COVID-19 deaths, hospitalizations continue to increase in Manitoba, latest report says

Manitoba is seeing increased COVID-19 activity with higher death counts, hospitalizations and case numbers, according to the latest weekly report, but the province’s top doctor says it’s too early to call it a new trend.

The weekly epidemiological report released Thursday added twice as many COVID-19 deaths to the province’s total than the week before. More people with severe illness were also admitted to hospital during the week of July 31 to Aug. 6 than the previous week, according to the report.

Wastewater surveillance data has shown an increase in COVID-19 transmission since late June, the report said. Laboratory tests confirmed a larger number of new COVID-19 cases compared to the previous week.

At a Thursday news conference announcing additional appointments for monkeypox vaccination, Chief Provincial Public Health Officer Dr. Brent Roussin was asked about the recent COVID-19 numbers.

He acknowledged the province is seeing a slight increase in activity, but said the increase is not “dramatic.”

“We’re now seeing some increase so we’ll have to follow that trend,” he said.

“The majority of the cases we see, when we report them as hospitalized, those are incidental findings. The majority of those people are not there because they have COVID, but they they happen to test positive for COVID.”

This latest report adds 12 more COVID-19 deaths to Manitoba’s total, compared to an increase of six reported last week by Manitoba Public Health.

The death count since the start of the pandemic now stands at 2,079. 

Manitobans continued to die at a faster rate compared to the same time period last year. A total of 566 people have died in 2022 as of the week ending Aug. 6, Manitoba Health reports, which works out to a rate of 2.6 deaths per day.

During the same 217-day period last year, there were 483 deaths, a rate of 2.2 deaths per day.

More people were admitted to hospital and intensive care units compared to the previous week. There were 57 hospitalizations, up from 53, and 12 ICU admissions, up from seven.

One of the patients admitted to ICU was a child younger than 10.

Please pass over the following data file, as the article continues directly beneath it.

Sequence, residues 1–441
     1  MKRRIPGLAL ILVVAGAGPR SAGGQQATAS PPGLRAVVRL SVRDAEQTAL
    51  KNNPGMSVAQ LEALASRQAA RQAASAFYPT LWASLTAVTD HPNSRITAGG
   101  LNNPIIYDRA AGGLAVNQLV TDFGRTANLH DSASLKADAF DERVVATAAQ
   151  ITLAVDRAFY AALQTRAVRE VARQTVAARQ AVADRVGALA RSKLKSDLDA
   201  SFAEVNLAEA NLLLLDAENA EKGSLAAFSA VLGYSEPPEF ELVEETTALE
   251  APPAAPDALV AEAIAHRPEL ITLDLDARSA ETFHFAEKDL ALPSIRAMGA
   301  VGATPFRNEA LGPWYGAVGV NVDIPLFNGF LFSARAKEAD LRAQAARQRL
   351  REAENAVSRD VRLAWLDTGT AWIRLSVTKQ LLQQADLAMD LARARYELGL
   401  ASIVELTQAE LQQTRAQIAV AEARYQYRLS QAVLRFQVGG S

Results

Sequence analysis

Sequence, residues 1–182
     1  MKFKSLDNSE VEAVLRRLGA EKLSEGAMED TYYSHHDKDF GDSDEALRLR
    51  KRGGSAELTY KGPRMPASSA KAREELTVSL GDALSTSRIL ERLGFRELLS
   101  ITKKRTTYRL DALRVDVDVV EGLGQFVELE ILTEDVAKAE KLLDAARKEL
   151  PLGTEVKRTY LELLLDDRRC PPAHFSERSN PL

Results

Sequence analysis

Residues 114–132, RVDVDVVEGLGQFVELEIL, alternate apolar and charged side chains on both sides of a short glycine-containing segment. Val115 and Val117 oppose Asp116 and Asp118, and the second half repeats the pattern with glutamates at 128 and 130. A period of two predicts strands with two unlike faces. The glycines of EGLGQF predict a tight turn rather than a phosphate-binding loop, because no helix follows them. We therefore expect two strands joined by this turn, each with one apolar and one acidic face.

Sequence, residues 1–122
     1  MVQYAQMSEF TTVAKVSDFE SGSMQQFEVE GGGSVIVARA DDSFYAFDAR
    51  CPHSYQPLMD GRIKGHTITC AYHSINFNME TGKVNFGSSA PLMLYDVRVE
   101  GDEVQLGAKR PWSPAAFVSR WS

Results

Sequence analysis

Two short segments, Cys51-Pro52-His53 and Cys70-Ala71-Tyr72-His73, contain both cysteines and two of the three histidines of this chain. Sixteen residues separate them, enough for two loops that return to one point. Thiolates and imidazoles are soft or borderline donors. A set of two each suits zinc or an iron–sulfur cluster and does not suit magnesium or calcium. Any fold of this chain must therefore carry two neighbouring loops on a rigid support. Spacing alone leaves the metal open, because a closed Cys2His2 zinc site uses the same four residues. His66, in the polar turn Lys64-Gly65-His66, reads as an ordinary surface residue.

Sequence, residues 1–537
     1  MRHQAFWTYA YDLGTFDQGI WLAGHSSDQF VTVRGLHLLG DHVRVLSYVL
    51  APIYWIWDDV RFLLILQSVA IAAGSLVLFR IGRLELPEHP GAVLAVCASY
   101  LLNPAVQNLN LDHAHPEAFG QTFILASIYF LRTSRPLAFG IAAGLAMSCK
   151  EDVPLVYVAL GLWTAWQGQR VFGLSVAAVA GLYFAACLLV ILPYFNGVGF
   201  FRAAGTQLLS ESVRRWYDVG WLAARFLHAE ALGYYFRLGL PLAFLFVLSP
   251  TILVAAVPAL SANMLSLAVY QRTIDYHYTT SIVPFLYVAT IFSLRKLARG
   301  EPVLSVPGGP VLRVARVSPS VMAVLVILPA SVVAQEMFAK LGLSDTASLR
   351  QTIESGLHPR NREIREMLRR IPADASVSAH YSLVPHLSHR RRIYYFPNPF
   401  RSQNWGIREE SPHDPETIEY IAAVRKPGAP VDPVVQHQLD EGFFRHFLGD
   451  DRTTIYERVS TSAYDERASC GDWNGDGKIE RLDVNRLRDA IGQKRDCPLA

Continued strain

Dr. Philippe Lagacé-Wiens, a medical microbiologist at St. Boniface Hospital, agreed with Roussin that it is difficult at this point to know which direction the current trend is going. 

But the hospitalizations, even if the COVID-19 findings are “incidental,” still strain the health-care system, “because these people still need to be isolated,” he said.

“Their diseases, if they’re coming into hospital with ‘incidental’ COVID-19, could actually have been triggered by COVID-19. We know that the rate of heart attacks is higher after COVID-19 infection.”

Hospital staff continue to leave the system due to burnout, which further adds to the strain, he said.

“I’m a little bit getting tired of the rhetoric of ‘we need to learn to live with this,’ which partially is true, but it means we need the resources to live with it.”

Lagacé-Wiens expects Manitoba will see an increase in COVID-19 numbers in the fall as kids return to school.

Increasing cases

Thursday’s COVID-19 report marks the third week in a row Manitoba has reported an increase in severe outcomes due to the illness.

A total of 347 new cases were confirmed by polymerase chain reaction (PCR) tests — 90 more than the 257 reported last week.

This is an undercount of the true number of infections, due to the limited access to PCR tests, which are the only ones recorded by the province.

The weekly test-positivity rate also went up to 20.8 per cent, compared to 17.9 per cent the previous week.

Seven new outbreaks were reported last week, including four in long-term care facilities and three in hospitals. That’s an increase from six the previous week.

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